Bridgeport EZtrak conversion

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23 Jul 2013 02:58 #36911 by hradford5
We've decided to convert our 1998 Bridgeport EZTrak machine to LinuxCNC. We want to keep as much of the original hardware as possible.
If we use the Mesa 5i25/7i77 combo can we just plug it into the 486 motherboard that is already in the enclosure, using that as our host computer, then make the connections, install LinuxCNC & tune it?
I don't mean to sound naive, I realize there is a considerable amount of work involved in the "then make the connections, install LinuxCNC & tune it" statement.
Am I correct in thinking that we can keep our X & Y power amplifiers (are these what are called drives)
Also the 5i25/7i77 will replace the Auxiliary & Axis BOBs?
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23 Jul 2013 05:15 #36915 by cmorley
Do the drives use +-10v analog input? (They are servo drives right?)
Is there an encoder feedback you can tap into?

Or are they stepper?
Then you need the 5i25/7i76 (well there are other options but that's a common one)
Mesa and PPMC produce good, compatible hardware cards for linuxcnc

I'm sure you will want to (possibly need to) upgrade the motherboard.
but it's easy enough to try your existing equipment with the live cd.
Not all motherboards are good linuxcnc (or MACH or...) candidates

The BOB's depend on the amount of I/O and voltages, but you will not be able to use the existing, unless they go through the parallel port.

Hope that's a start of the answers you need.

Chris M

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23 Jul 2013 05:24 #36916 by cmorley
If the drive amps are AMC this is very doable.
looks like they used AMC drives...

Chris M

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23 Jul 2013 06:24 #36917 by hradford5
I'm not sure what the drive inputs are, but I'll check tomorrow. The motors are SEMCO MT30H4-44 motors with encoders &
tachos.
What determines whether or not the motherboard is a good candidate?

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23 Jul 2013 07:02 - 23 Jul 2013 07:03 #36918 by Zahnrad Kopf

If the drive amps are AMC this is very doable.
looks like they used AMC drives...

Chris M


They could be one of three or four different ones used, depending on when it was actually built and if it was ever upgraded after needing a drive replacement. AMC drives were used at the end when the others had dried up. Could be Contraves, too, or even Motion Control or PacSci. Easiest way is to take a pic but either way you should be fine. One of the guys that installed and worked on them is a personal friend and still has toms of knowledge and records on them, so you're not stranded in any way. He's been helping me keep our CNC Bridgy running for almost 15 years.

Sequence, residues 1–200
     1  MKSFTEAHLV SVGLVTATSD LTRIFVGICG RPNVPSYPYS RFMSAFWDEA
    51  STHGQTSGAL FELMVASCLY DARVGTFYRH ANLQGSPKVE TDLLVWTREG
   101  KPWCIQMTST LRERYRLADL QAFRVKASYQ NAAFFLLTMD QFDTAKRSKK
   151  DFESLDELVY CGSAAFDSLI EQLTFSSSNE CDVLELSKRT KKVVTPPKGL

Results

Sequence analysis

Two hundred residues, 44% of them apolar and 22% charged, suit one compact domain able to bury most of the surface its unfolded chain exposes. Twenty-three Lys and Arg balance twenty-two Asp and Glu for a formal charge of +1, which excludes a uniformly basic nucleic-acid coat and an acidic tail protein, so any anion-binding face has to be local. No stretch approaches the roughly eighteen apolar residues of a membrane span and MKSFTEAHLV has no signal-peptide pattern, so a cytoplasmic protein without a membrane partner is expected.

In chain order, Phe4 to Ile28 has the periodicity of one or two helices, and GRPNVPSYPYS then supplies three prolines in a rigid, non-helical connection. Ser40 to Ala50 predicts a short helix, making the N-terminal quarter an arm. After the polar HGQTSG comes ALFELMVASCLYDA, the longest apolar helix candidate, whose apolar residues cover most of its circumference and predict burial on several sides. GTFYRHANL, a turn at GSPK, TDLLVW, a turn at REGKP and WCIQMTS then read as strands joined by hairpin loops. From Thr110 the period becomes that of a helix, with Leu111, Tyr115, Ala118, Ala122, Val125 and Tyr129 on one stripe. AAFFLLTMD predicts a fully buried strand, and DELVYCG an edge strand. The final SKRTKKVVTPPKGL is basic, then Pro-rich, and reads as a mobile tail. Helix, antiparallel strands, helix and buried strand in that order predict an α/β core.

Last edit: 23 Jul 2013 07:03 by Zahnrad Kopf.
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23 Jul 2013 07:13 #36919 by cmorley
By far latency is the critical factor.
There is a latency test on the live cd.
Here are comparisons:
wiki.linuxcnc.org/cgi-bin/wiki.pl?Latency-Test
Since you are going to use hardware for encoder and analog, super great latency is not required.

Then I/O ports needed. parallel port or PCI

Some what processor speed for snappy response for non realtime programs.
See here.
www.linuxcnc.org/docs/2.5/html/common/System_Requirements.html

The 486 is so old, I don't think it will cut it, in fact, I'm sure it won't work at all.
Computers are cheap. check all your old ones.

Chrs M
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23 Jul 2013 08:49 #36925 by hradford5

The 486 is so old, I don't think it will cut it, in fact, I'm sure it won't work at all.
Computers are cheap. check all your old ones.

Chrs M


Thanks Chris, you're right, I've probably got something laying about that I can use.

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23 Jul 2013 21:15 #36939 by hradford5

If the drive amps are AMC this is very doable.
looks like they used AMC drives...

Chris M


They could be one of three or four different ones used, depending on when it was actually built and if it was ever upgraded after needing a drive replacement. AMC drives were used at the end when the others had dried up. Could be Contraves, too, or even Motion Control or PacSci. Easiest way is to take a pic but either way you should be fine. One of the guys that installed and worked on them is a personal friend and still has toms of knowledge and records on them, so you're not stranded in any way. He's been helping me keep our CNC Bridgy running for almost 15 years.


The drives are CMC (Cleveland Motion Controls?) p/n MHB12020-00

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27 May 2021 16:48 #210449 by scrapboy13
i was think on doing the same for a 1999 version do you have the altered wiring diagram so i can look at what you have done thank you
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